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Canadian manufacturers shipped goods worth an estimated $47.7 billion, down 0.1% from September and the lowest level since December 2004. While the rate of decline has eased, shipments have fallen for three consecutive months. As has been the case in three of the last four months, falling prices have been a major factor in the decline in shipment value.
After taking price fluctuations into account, the volume of shipments was down 0.6% to $43.7 billion, the lowest volume of shipments in nearly four years.
Manufacturing shipments were essentially stuck in neutral with 10 of 21 manufacturing industries falling, 10 rising and 1 virtually unchanged in October.
Durable goods shipments turned around following three months of decline in the last four, rising 0.8% to $25.9 billion thanks to a strong showing in the machinery sector.
Non-durable goods shipments have declined on lower commodity prices for the past three months, falling by 1.1% to $21.9 billion in October.
According to the Labour Force Survey, manufacturing employment continued its downward trend in October, falling by 15,000 and down 83,000 over the first 10 months of 2006. The lion's share of the losses were experienced in Ontario and Quebec.
Transportation equipment fell 1.4% to $8.8 billion, the fourth consecutive decline and seventh monthly drop this year.
Despite a relatively strong month of automotive sales on both sides of the border, shipments in the motor vehicle industry fell 1.0% to $4.5 billion, the lowest level in over three years. This was due, in part, to a late start launching some 2007 model vehicles.
A combination of a slowdown in auto assembly and increased sourcing of parts from off-shore suppliers resulted in shipments falling from auto parts suppliers by 2.4% to $2.1 billion. It was the fourth monthly decline and the lowest level of shipments since June 1998.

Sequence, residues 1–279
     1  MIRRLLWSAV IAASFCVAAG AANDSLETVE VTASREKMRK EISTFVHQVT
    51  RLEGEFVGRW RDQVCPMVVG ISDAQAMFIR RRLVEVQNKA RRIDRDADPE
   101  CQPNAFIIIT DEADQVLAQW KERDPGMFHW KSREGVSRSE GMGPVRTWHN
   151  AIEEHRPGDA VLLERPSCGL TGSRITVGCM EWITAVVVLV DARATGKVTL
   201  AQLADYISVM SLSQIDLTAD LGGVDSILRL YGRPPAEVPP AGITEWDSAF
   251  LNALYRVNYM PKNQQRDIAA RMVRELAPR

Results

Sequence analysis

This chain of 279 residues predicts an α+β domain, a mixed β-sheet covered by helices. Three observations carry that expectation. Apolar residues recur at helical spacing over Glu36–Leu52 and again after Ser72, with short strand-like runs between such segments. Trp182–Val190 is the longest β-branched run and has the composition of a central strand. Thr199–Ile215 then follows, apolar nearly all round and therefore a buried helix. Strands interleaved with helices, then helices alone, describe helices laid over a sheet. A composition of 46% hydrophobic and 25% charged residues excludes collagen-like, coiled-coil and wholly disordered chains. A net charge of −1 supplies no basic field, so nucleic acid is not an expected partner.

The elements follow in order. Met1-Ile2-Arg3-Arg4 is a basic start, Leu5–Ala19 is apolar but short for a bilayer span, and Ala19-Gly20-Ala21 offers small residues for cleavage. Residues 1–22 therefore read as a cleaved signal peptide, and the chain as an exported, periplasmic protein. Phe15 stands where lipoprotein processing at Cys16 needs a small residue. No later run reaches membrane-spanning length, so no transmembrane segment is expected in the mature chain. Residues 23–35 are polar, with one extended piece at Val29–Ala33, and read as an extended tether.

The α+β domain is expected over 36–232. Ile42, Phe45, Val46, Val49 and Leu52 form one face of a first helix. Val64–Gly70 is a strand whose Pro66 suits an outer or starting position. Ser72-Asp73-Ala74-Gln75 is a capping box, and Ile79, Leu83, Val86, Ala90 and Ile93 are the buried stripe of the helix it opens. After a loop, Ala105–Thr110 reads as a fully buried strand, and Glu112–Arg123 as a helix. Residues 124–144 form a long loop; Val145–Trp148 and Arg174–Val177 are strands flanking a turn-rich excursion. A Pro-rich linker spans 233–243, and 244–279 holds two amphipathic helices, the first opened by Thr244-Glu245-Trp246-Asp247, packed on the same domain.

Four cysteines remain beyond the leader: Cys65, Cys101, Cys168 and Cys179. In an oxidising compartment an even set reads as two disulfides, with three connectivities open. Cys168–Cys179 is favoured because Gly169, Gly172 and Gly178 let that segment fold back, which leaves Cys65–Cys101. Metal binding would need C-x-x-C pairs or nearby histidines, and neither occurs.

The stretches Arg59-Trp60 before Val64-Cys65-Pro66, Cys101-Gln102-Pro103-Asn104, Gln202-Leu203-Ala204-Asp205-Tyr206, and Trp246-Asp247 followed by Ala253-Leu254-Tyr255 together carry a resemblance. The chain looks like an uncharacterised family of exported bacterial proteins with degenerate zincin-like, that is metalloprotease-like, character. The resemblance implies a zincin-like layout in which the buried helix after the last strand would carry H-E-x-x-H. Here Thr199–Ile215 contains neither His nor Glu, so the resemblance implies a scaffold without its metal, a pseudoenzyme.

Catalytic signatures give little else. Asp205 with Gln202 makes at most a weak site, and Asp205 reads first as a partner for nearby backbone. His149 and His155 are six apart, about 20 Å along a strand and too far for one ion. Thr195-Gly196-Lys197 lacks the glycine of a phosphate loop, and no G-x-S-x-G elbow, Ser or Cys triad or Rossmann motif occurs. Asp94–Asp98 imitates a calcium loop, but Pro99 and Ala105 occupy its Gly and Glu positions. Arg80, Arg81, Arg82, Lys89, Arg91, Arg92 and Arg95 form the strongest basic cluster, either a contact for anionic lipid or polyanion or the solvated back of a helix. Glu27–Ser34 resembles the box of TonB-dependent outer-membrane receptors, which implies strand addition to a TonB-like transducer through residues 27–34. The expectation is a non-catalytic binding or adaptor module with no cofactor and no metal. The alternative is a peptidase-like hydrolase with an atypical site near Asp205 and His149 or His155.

Aerospace shipments fell 9.4% to $1.2 billion following strong quarter-end deliveries in September. Due to the high value of product of the aerospace industry, monthly swings of plus or minus hundreds of million dollars are not unusual. For the first 10 months of 2006, aerospace shipments were 4.1% lower than in the same period of last year.
Canadian refineries continued to produce at normal levels, but at reduced prices. Consequently, shipments of petroleum and coal products fell 6.2% to $4.4 billion. Prices declined by 6.3% because of burgeoning inventories of gasoline and crude oil in the United States in October.
Machinery manufacturing shipments rebounded from their lowest level in 14 months, with the single largest increase in shipments in October, an 8.6% jump to $2.7 billion. The machinery sub sector includes a broad variety of industries engaged in manufacturing industrial and commercial machinery.
Food manufacturing returned to normal shipment levels after an exceptional month in September. Food shipments fell 2.4% to $5.6 billion.
All Atlantic provinces but New Brunswick posted gains in October. New Brunswick,